Diplomats in Kabul, Afghanistan say they are encouraged that they have been given access to eight detained foreign aid workers. The eight were taken into custody more than three weeks ago by Taleban authorities for allegedly preaching Christianity. Two family members of the detainees are also in the Afghan capital.

Three senior consular officials from Germany, Australia and the United States held a series of high-level meetings at the foreign ministry in Kabul to discuss the aid workers' situation.

Taleban authorities say they have evidence the eight, as well as 16 Afghan employees of the aid group Shelter Now, were trying to convert Afghans to Christianity. Shelter Now officials deny the charges.

Taleban authorities say their investigation into the matter may end soon and the case will be handed to a judge for further action.

David Donahue is the U.S. consul general in Islamabad. Mr. Donahue, who has traveled to Kabul, says he hopes for a quick resolution of the case. "We always hope there will be a quick resolution," he said, "and we are working with the Taleban authorities to find how this might be resolved."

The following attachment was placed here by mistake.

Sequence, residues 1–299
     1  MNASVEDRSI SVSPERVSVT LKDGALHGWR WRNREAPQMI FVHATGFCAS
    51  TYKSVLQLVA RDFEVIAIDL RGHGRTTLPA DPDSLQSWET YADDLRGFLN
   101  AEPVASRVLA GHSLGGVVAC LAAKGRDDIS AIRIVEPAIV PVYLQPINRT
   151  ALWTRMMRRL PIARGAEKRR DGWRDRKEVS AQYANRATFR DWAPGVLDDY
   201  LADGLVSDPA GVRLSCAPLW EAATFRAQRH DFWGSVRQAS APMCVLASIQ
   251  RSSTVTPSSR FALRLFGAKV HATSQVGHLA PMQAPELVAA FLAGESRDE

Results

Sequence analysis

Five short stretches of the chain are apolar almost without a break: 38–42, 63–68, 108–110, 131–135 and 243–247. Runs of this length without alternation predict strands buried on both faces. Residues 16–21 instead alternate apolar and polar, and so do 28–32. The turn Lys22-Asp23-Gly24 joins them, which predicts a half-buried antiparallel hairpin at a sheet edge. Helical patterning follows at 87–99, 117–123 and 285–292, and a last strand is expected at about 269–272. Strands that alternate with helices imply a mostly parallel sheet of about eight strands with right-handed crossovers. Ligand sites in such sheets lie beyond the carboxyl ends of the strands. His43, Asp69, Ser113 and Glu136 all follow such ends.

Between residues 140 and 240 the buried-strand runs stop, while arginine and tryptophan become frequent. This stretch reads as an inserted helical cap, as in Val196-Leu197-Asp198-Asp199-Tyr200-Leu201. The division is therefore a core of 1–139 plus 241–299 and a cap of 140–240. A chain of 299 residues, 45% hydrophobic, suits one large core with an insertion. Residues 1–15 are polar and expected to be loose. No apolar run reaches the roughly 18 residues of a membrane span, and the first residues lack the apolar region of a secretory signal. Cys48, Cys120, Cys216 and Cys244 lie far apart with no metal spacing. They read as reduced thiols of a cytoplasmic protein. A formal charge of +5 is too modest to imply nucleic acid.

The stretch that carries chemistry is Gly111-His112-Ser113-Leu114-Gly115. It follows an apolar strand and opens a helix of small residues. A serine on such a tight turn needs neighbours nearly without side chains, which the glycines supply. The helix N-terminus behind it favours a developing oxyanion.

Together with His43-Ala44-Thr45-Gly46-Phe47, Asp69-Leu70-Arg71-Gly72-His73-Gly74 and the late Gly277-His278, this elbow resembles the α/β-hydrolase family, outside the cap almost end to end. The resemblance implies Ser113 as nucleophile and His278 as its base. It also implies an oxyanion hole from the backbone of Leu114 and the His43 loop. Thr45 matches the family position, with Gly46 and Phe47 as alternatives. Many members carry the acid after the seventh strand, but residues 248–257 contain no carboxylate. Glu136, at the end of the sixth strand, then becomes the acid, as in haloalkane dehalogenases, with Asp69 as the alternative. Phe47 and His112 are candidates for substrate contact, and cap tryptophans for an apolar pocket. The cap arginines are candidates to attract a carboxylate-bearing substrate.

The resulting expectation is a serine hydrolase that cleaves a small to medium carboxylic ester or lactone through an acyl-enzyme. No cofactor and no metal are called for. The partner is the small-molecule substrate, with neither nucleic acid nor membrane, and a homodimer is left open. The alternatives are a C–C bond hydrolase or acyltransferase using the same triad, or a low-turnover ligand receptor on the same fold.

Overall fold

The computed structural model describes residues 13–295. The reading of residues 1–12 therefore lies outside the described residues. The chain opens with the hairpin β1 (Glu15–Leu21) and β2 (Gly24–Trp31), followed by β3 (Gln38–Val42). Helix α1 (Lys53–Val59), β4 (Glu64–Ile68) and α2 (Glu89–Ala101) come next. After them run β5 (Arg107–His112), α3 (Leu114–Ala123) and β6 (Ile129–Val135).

Mr. Donahue said now that consular access has been granted to the detainees, he and his colleagues are discussing with Taleban officials what happens next, how the investigation will proceed, and how to resolve the issue quickly.

Taleban authorities have said the eight could be tried in an Islamic court. Under the Taleban's strict interpretation of Islamic law, they face possible jail sentences and expulsion if convicted. The Afghan detainees could be sentenced to death if they are found guilty.

Mr. Donahue says the parents of two U.S. women being detained have held emotional visits with their daughters. The U.S. diplomat also says the detainees are being well treated. "We are very pleased to find they were healthy, very well," he said. "They were of course very happy to see their parents. And they were very complimentary of the conditions they were living in, in the detention center."

The diplomats say they plan to stay in Kabul for the time being and that Taleban authorities are cooperating fully with their requests.

Earlier this month, the three diplomats spent a week in Kabul in an unsuccessful attempt to see the detainees. Last week, the parents of the two U.S. women detained sent a letter to the Taleban's supreme leader, Mullah Mohammed Omar, apologizing on behalf of their daughters for any offense they may have caused the Afghan people.